As you label each pattern piece, try to put on what it is e.g. a sleeve, the reference of the garment, C2, and the name of the book. I also find it useful to write on the size I have cut out.

Next up is the front bodice, this is just labelled ‘C’ as it is the same for all 3 garments in the C family and looking at the hem, I can see a line for C1, C2 and C3 so I know which one to follow.

I trace it off using the same technique as the sleeve, making sure to leave enough blank space around the sides to add the seam allowance and also a fair bit of space at the hem as I want to lengthen it about 10 – 15 cm because of my big long back.

After that I trace off the back bodice in the same way as the front. Then find the facings which are specific to this pattern and labelled C2. Again, copy over the translations.

All done, I have traced off all my pieces and just have to add the seam allowances. Refer back to the layout diagram to see if any seam allowances are specified there, they are not always. On my diagram, the hems are, but the rest are left to me so I am going to use 1cm.

This is where I find the pattern master really helpful as it has lines drawn along the straight and curved edge at 5mm intervals making it pretty easy to add on my seam allowance and get a nice smooth curve. If you don’t have one of these, you could use a compass to trace along the line or mark off with a ruler at regular intervals and then join up the marks to make your seam allowance. If you do this, make sure to mark off more frequently on the curves so that they are accurate.

As I have decided to extend the hem down, I’ve added about 15cm which is probably too long but I find it easier to then shorten rather than lengthen a pattern piece.

When you have finished adding the seam allowance, put them all out, make sure they are labelled and keep them stored together in a folder or similar so that you don’t lose any or mix them up with another pattern.

Next time I will cut out the fabric and think about sewing it all together.

Posts in this series:
1. Sewing from Japanese Craft books - what you will need and an overview
2. Sizing and figuring out the instruction page
3. Tracing out the pattern pieces

Friday, 11 March 2011

Friday Crochet

It's all about crochet this Friday and I am very excited to have a guest blog by Amy from No More Disco, enjoy!

I love to crochet. Since learning exactly how to do it at a wool shop just over a year and a half ago I have delighted in creating fabrics and other ephemera through the simple act of pulling loops of yarn through other loops.

Although it’s similar to knitting, crochet differs in that you only ever have one stitch active on your hook at any one time. This, for me has made it my preferred yarn activity. Any mistakes (and I make A LOT of these) and you can literally rip your work up to the point you want to continue from. There is no need to painstakingly unpick each stitch one at a time worrying whether you are twisting the yarn the wrong way on the needles like in knitting. This means it’s very portable. You always know where you are.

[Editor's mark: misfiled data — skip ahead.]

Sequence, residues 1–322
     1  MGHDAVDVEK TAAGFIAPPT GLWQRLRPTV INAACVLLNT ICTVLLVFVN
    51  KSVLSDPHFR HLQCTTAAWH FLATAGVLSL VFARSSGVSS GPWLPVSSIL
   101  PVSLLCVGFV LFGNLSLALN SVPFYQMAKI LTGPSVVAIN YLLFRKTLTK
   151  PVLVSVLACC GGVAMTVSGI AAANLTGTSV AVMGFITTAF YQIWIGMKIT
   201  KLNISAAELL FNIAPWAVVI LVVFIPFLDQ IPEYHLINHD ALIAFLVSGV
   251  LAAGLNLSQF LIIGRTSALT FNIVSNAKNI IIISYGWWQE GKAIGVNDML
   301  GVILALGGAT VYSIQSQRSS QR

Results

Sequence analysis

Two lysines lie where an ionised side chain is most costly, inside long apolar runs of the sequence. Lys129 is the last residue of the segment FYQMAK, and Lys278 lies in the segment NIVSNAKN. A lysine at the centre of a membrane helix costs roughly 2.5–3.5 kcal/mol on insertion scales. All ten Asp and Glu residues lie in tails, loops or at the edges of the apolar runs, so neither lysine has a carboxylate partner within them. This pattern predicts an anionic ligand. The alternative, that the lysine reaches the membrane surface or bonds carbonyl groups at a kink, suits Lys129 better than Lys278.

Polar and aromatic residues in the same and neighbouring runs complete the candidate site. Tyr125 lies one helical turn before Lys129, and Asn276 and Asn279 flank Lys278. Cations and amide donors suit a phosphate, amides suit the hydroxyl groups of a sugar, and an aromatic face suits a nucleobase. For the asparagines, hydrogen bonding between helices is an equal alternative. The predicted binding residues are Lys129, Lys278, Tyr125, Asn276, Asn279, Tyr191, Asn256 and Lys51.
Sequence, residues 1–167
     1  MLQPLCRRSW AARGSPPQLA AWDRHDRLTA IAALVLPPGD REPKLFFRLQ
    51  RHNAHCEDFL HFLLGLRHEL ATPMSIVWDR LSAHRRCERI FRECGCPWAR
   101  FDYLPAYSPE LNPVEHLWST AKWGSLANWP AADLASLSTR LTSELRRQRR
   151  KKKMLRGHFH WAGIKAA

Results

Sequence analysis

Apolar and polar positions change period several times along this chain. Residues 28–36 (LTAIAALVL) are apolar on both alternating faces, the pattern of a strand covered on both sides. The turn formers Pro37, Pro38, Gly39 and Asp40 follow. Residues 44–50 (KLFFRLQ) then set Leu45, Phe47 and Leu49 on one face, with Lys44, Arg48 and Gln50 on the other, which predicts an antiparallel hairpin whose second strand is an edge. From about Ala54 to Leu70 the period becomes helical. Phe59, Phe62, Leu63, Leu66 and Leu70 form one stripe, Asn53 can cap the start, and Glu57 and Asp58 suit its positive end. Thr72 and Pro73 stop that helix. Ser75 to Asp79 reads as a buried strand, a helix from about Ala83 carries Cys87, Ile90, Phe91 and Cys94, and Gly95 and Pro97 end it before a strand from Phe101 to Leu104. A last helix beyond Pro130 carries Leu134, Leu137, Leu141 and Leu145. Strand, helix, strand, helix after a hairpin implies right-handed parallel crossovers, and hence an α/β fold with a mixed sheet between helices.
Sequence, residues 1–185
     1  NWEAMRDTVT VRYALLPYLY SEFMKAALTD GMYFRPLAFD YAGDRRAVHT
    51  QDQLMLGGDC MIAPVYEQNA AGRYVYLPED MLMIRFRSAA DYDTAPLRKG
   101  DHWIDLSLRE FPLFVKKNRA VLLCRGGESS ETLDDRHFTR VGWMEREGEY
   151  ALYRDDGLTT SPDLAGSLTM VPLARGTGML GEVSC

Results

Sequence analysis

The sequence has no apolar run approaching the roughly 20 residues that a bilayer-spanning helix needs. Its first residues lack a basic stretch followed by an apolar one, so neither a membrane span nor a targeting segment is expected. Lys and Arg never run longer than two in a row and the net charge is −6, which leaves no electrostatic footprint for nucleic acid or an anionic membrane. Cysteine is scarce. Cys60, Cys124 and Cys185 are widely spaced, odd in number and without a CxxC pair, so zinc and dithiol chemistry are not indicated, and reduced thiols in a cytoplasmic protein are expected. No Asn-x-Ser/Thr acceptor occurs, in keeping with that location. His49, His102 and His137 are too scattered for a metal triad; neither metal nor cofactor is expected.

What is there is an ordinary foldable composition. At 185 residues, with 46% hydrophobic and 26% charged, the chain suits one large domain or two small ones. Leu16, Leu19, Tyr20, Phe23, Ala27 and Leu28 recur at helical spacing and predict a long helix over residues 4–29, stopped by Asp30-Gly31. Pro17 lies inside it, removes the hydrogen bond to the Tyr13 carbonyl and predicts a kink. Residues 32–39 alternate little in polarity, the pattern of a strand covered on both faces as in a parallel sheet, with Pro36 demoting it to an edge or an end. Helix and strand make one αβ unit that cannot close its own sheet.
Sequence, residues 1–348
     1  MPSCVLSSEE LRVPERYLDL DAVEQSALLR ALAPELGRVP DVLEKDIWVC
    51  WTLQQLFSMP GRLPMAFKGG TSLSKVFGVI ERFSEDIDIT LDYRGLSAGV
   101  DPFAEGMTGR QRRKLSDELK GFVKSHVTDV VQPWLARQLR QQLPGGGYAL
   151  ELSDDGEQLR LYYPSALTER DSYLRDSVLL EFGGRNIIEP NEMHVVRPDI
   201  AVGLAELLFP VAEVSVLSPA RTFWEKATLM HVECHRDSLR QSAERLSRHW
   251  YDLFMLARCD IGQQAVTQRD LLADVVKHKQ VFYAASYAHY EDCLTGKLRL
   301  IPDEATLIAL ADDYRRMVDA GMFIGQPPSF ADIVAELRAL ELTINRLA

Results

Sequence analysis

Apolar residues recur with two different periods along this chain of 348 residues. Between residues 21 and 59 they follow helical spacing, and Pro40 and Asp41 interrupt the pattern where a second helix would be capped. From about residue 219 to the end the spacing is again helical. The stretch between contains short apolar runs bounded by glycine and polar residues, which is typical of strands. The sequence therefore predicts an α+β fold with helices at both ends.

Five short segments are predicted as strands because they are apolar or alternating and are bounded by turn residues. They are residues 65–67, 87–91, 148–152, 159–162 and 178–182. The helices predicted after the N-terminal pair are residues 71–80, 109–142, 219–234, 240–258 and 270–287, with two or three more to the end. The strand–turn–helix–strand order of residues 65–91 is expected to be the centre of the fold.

The bestselling ‘Happy Hooker’ by Debbie Stoller was published in 2006 which fed off the success of the stitch and bitch knitting fever and since then crochet’s experienced a massive resurgence and is more in favour than ever before. It’s moved on from traditional granny square blankets and doilies that your nan had under just about everything in her house. Now we’re starting to see the emergence of more sophisticated, cleverly crafted, contemporary designs in homeware, accessories and fashion. And some are extremely covetable. Here’s just a few of my favourite things I found on the net.

The mega doily. Truly a thing of great beauty, made from rope Jean took her love of vintage doilies to the extreme and hand (!) crochets these rugs;

A stunning centrepiece for the table crocheted from wire:

Linen Pincushion from namolio would make a welcome addition to any sewing kit.

And now crocheted stones? Who’d have thunk it huh? But aren’t these just amazing?

And we can’t have a post on crochet without some contemporary covetable afghans in modern hues. These are relevant designs for modern surroundings.

Crochet is easy enough to pick up. I could not fathom it for the life of me until that fateful class 18 months ago that began my love affair. However I defy anyone to fail to learn after just a small bit of practice (practice is key – like most things!) and not only is it accessible but it’s hugely versatile with the ability to create countless textures and effects. Work ‘grows’ quickly making it instantly gratifying and there is no limit to the inspiration to be found on the internet. It’s fantastic for fashioning trims, making throws, creating jewellery and so much more. You can use a wealth of different materials, rope, wire, yarn, cotton, twine, raffia – people are even crocheting plastic bags!

To get you started I can’t recommend  enough ‘Compendium of crochet techniques’ I have a huge amount of crochet books but this is seriously the ‘go to’ book. For projects give Erika Knight’s ‘Essential Crochet’ a try, and one of my favourites: Linda Permann ‘Crochet adorned'.

I’ve not even mentioned amirugumi  (crocheted toys) and I know there’s nothing on clothing except the strangely seductive first image but there is so much to say about crochet so here ends the crochet fest. I’ve enjoyed it immensely. Thanks for having me Kate and happy hooking people. Enjoy.

Thanks so much Amy! these pictures are inspiring - you can find more from Amy at her blog No More Disco.